“We use terms like ‘romantasy,’” says 33-year-old Jack Sahlin, who started an ACOTAR analysis podcast (Book Talk for BookTok) along with her friend Amy Cheung. “Because it’s female joy, it’s automatically dismissed as being frivolous, as being quote-unquote ‘fairie porn.’”
“I think there’s just been this big stigma of it not being ‘real fantasy,’” adds Wells, who frequently deals with antagonizing comments on her TikToks, mostly from men, about why Maas’ novels shouldn’t be categorized as “high fantasy.”
By definition, “high fantasy” is an “epic fantasy set in an alternate world.” Maas’ detractors can sit around debating the merits and qualifications of her work all day, but the reality is that her books sell—a lot. Her three series—A Court of Thorns and Roses, Throne of Glass, and Crescent City—have sold roughly 12 million copies worldwide and have been translated into 38 languages.
While Throne of Glass was technically the first of Maas’ series, it’s A Court of Thorns and Roses that put her name on the map and consistently dominates book culture. ACOTAR tells the story of a land called Prythian, where a centuries-old war divided the nation between humans and High Fae (who are technically fairies, though they aren’t even close to Tinkerbell). Feyre, a starved 19-year-old who is forced to hunt to save her family, is taken captive to the faerie realms after killing what she thinks to be a wolf in the woods.
On a surface level, that story might sound like any other fantasy novel with a prophetic female main character. But what makes these books so unique—beyond the super hot, romantic faerie men who use witty banter as foreplay, make passionate love to the female main characters, and treat their partners as equal—is that the characters feel extraordinarily real.
“The first book, you have a young woman who has severe food insecurity, comes from a troubled home, and had to grow up too young—how many of us out there?” Sahlin notes, adding, “The amount of women that have told us that the [ACTOAR] books helped them through their own domestic violent partnership, or their own breakup, has been fascinating.”
Indeed, Maas tells us: “In Feyre, I tried to create a really relatable protagonist who just happens to live in this heightened fantasy world. She’s had struggles and traumas, but through the help of her friends, she begins the long healing process and finds true love like we all dream of.”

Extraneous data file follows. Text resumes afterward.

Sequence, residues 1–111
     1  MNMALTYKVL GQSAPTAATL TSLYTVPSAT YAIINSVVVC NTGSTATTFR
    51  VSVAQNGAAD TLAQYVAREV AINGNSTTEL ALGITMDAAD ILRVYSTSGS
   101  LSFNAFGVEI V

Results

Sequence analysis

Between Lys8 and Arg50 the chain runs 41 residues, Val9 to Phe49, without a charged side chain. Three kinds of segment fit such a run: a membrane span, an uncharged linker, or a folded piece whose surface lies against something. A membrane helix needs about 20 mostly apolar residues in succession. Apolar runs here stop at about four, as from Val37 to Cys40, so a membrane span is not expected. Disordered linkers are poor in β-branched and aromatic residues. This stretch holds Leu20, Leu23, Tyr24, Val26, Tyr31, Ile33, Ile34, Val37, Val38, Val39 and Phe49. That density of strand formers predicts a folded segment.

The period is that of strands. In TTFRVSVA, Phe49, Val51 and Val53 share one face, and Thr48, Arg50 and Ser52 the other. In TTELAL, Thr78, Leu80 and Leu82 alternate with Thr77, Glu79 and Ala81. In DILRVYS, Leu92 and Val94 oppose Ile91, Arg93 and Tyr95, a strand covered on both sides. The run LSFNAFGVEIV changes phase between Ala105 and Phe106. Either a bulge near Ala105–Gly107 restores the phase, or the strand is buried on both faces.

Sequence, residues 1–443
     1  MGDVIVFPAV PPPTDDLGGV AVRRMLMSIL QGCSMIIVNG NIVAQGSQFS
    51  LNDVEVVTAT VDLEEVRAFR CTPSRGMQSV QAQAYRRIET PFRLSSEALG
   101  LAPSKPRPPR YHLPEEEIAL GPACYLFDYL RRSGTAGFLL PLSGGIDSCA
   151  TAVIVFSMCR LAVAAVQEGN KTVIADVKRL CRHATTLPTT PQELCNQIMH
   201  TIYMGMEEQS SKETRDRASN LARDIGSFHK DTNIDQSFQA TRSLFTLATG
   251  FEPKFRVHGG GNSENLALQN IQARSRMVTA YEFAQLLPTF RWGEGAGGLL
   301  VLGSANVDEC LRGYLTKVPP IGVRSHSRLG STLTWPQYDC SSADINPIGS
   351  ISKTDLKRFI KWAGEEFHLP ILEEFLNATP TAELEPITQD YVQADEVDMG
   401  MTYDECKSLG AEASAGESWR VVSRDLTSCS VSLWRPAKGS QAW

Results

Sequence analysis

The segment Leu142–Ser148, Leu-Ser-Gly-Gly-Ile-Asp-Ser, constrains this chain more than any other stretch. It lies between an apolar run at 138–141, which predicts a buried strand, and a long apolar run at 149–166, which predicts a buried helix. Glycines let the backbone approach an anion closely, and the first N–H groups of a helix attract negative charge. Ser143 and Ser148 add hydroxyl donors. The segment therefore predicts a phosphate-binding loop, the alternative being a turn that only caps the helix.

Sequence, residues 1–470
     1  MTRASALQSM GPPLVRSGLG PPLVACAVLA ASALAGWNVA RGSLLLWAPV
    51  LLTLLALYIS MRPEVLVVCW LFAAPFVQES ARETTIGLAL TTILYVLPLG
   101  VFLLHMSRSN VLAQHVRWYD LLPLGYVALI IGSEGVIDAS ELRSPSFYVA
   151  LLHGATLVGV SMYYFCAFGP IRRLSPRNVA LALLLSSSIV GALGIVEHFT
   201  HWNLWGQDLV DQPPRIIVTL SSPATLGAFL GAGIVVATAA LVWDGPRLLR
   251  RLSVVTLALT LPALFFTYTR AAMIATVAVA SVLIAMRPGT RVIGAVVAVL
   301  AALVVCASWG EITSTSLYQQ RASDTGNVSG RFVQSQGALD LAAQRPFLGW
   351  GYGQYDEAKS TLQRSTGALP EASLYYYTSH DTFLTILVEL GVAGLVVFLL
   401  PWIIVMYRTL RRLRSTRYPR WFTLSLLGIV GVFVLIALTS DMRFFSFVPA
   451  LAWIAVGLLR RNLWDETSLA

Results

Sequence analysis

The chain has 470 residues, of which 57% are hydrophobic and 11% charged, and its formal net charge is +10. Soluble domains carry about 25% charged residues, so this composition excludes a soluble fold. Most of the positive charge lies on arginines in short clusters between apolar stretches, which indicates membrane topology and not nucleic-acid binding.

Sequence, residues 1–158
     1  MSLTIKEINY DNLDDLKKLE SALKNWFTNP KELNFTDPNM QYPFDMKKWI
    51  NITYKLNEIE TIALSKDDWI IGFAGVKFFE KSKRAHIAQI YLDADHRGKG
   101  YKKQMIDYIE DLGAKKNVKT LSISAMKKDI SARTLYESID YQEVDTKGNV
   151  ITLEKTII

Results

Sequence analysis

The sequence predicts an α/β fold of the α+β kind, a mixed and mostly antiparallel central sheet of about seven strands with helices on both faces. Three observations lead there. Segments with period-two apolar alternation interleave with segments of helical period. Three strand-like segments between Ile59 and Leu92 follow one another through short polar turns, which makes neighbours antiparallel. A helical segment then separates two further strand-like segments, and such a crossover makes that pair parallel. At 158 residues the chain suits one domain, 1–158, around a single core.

But while all three Maas series may have millions of people (women, especially) in a chokehold, like any widely popular phenomenon, it’s not devoid of criticism—some of the biggest complaints being the overwhelming heterosexuality and lack of diversity among the main characters. Many fans on TikTok, for example, have voiced their disappointment at one of the leading Black characters being killed off in the second Throne of Glass novel.
Raelyn Couto, a Black 30-year-old fan who devoured the entire ACOTAR series this August and has now moved on to Throne of Glass, said that while she would definitely love to see more POC representation, she does appreciate the way Maas has seemingly responded to the criticism by writing in more diverse characters in her later novels.
“I feel like she did it in a way that didn’t make it stand out, like, ‘Hey, here’s me trying to be diverse.’ That being said, I would like more main characters of color,” Cuoto says, adding that despite those shortcomings, she still looks to these books as a form of escape. “Especially for people who used to read a lot of fantasy as kids, it’s nice to feel like it’s still relatable to us.”
That sentiment can be heard all over BookTok and beyond, as Maas’ series keep sucking readers into a rich, layered, and ongoing multiverse that bolsters the conversation around women-led fantasy. And hey, since multiverses are all the rage these days, maybe Hollywood will one day take notice and bring Aelin to the big screen. Rest assured TikTok already has ideas for that.